• Running effective meetings: Product managers participate in a lot of meetings. In meetings with engineers, designers, cross-functional stakeholders, and more, PMs should ensure that all meetings are an effective use of everyone’s time. This means sending out invitations, creating an agenda, staying on topic, and sending out notes and follow-up items afterwards.

  • Staying organized: APMs receive a large volume of emails, bug reports, pings, and meeting requests. However, it’s their responsibility to effectively triage incoming communications, and ensure timely responses. This often means setting up labeling systems and other processes to ensure that no question goes unanswered.

  • Doing whatever it takes: As a product manager, you should be ready to roll up your sleeves. For every exciting launch, there will be a handful of tasks that have no clear owner. An effective PM should take on these tasks willingly, because they keep the rest of the team focused on delivering the best product experience to users.

Teamwork
Building products at Google is a team sport. A given launch may involve the work of tens or even hundreds of people. Associate Product Managers are the default point of contact for questions, and are involved in almost every decision that is made for a product. Working with both the core team and other stakeholders requires several skills:

  • Working closely with engineering teams: PMs are chiefly responsible for working closely with engineers, understanding technical challenges, and identifying ways to overcome them. This partnership with engineering requires a deep understanding of technology, often from a background in Computer Science or a related field.

  • Facilitating productive dialog: Not everyone will always agree on the best path to building a product that users love. In these situations, product managers should be a balancing force, ensuring that conversations remain productive, inclusive, and are resolved appropriately.

  • Working with partners: Some projects require working with many partners outside of the core team, both within and outside of Google. PMs are expected to represent the product, ensuring its success by incorporating the feedback and goals of other stakeholders.

  • Working with legal, privacy, security, accessibility, and more: Google has developed robust policies that help product teams build the best products for every user, including compliance standards for legal, privacy, security, and accessibility issues. APMs are expected to understand these requirements and ensure they are met.

Vision
The product manager is responsible for the long-term vision of their product and the short-term priorities that determine how the team works towards that vision. That isn’t to say that PMs make all of these decisions, they just ensure that the right decisions get made. Often, effective leadership involves evangelizing another team member’s idea (even if you initially disagreed with it). It’s better to disagree and commit than get stalled choosing between two good options. From long term vision to short term triage, vision skills fall into several categories:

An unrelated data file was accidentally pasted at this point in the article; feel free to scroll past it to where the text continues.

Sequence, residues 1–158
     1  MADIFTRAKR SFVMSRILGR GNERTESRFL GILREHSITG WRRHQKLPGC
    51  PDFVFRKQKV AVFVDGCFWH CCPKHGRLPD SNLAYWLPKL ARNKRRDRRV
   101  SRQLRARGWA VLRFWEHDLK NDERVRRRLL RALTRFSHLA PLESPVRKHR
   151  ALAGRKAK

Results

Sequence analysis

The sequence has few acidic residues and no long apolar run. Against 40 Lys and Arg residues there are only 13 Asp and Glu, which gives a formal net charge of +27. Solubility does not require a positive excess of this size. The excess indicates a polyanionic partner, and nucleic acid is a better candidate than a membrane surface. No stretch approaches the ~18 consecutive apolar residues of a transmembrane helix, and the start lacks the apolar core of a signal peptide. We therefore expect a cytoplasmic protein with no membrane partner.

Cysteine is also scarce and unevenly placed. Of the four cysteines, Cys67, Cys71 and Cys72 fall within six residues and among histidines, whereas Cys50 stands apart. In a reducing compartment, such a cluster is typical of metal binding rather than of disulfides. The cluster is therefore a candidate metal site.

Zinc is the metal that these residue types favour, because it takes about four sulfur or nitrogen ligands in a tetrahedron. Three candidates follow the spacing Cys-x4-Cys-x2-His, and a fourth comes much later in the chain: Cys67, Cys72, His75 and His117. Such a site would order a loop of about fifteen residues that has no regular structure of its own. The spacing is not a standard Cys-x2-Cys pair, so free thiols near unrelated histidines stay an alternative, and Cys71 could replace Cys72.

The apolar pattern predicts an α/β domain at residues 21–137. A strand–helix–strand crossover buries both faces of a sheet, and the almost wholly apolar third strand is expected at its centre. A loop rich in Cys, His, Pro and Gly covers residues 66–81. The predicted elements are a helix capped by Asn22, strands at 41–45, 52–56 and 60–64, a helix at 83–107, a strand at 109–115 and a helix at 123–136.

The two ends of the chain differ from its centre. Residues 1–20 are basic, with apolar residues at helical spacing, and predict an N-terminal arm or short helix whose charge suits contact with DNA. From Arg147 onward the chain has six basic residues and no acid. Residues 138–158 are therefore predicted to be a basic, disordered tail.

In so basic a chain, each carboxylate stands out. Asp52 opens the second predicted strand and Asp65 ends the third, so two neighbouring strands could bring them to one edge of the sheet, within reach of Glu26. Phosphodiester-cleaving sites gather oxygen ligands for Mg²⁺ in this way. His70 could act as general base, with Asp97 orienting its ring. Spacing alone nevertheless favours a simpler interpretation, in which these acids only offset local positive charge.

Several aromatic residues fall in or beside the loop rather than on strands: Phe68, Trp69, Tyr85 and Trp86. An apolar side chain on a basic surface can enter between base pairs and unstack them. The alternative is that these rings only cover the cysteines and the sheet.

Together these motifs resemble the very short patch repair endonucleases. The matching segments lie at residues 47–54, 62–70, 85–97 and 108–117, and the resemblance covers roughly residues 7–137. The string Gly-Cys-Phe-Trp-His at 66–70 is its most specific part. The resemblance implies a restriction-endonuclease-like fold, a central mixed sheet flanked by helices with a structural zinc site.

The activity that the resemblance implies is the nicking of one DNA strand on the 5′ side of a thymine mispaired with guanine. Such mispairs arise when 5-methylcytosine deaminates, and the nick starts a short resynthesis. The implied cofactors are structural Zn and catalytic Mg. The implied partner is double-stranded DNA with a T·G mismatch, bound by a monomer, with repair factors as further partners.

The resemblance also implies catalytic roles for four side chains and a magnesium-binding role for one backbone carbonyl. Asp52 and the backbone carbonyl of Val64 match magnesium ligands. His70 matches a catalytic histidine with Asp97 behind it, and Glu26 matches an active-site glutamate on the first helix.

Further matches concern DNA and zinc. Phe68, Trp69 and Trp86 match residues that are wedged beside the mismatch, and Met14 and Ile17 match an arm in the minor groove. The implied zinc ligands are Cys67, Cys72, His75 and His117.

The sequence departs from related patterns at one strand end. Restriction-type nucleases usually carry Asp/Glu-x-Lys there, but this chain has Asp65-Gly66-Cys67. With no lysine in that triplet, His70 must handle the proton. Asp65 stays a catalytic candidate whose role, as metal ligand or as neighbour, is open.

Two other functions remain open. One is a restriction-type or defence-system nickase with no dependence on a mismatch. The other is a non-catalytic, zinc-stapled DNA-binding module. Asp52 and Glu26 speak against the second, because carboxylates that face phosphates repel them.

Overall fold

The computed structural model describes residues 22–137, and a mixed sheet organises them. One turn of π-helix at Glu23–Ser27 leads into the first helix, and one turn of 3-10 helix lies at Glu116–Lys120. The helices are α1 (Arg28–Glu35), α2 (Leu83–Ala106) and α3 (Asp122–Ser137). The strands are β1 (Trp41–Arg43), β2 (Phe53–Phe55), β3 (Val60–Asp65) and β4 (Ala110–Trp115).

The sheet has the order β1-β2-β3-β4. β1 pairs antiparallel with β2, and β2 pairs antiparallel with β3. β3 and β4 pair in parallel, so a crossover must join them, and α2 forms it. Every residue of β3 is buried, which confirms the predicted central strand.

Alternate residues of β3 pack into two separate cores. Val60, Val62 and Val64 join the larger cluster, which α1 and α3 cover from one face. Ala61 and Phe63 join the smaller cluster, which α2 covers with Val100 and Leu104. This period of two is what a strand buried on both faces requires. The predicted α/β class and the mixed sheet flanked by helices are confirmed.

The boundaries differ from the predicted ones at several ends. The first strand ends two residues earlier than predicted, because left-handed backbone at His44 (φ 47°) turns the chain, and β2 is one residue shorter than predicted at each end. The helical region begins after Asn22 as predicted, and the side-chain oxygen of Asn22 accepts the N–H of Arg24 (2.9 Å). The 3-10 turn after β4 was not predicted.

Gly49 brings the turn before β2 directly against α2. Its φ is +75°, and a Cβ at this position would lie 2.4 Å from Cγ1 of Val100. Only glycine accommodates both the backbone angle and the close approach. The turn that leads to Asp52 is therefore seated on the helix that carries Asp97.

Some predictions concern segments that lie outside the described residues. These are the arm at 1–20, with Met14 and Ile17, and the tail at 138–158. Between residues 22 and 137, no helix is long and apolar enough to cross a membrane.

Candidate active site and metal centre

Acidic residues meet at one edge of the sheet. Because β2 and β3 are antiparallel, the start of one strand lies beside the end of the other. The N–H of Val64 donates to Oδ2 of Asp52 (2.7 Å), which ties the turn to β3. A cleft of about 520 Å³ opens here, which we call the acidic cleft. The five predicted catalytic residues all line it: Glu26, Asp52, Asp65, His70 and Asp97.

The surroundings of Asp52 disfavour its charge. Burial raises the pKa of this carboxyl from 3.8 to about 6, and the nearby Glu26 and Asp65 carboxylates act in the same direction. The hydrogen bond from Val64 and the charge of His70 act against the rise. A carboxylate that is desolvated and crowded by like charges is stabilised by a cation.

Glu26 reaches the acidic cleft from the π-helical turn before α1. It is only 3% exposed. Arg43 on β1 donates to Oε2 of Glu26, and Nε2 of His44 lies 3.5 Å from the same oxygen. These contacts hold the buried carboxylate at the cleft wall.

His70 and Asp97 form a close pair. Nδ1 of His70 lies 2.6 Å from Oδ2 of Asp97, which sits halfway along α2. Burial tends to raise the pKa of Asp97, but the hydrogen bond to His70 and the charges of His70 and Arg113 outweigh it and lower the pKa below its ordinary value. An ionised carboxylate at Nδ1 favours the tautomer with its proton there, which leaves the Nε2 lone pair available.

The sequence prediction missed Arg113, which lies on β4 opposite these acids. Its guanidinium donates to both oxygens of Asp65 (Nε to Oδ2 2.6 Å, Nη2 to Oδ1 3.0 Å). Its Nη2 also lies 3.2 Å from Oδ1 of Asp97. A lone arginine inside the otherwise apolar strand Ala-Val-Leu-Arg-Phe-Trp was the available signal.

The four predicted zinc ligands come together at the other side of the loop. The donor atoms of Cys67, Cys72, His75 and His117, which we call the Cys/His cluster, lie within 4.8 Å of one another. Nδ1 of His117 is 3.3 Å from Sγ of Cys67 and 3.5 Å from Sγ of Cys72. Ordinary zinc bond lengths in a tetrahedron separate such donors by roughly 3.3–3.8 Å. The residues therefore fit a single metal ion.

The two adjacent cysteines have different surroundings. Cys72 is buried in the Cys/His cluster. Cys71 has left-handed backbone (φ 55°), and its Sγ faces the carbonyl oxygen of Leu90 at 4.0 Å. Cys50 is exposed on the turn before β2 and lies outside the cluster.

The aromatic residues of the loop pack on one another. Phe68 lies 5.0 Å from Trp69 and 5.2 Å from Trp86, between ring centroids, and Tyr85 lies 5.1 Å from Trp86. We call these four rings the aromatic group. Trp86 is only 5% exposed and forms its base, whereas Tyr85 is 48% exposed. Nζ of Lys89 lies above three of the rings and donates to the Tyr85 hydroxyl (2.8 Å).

• Gathering data, opinions, and user feedback: Product managers aren’t expected to know the answers to problems, they’re expected to find them. Often, the most effective way to find the right answer to a problem is to ask team members, gather their responses, and coalesce these into the best path forward. Other times, more detailed user research, data analysis, or market studies are needed.

  • Triaging incoming requests: With the help of the support team, PMs are responsible for helping to prioritize incoming feature requests and bugs in order to determine which should be addressed first.
    Selecting and measuring success metrics: A big part of setting the vision for a product is defining what metrics represent success for the team. This allows other team members to make decisions that align with the team’s vision. APMs are also responsible for analyzing experiments and other data, measuring progress against the metrics they created.

  • Creating a long-term vision: Many projects require long term planning. PMs are responsible for learning about the market, understanding technology and the opportunities it could create, and forecasting what user problems will need solving in the coming years. From this, they create a compelling vision for how their product will evolve to meet users’ needs.

Finding the right balance
APMs aren’t expected to have all of these skills before joining Google, and depending on the team and project, some may be more important than others. A project involving lots of different teams working together may require a lot of coordination and clear tracking while a smaller, co-located team may need more help prioritizing issues or iterating on a design.

Product management requires a balance of hard and soft skills, and the APM program is designed to help APMs develop both while on the job. Vision, teamwork, and execution are critical to a career in product management, both at Google and beyond.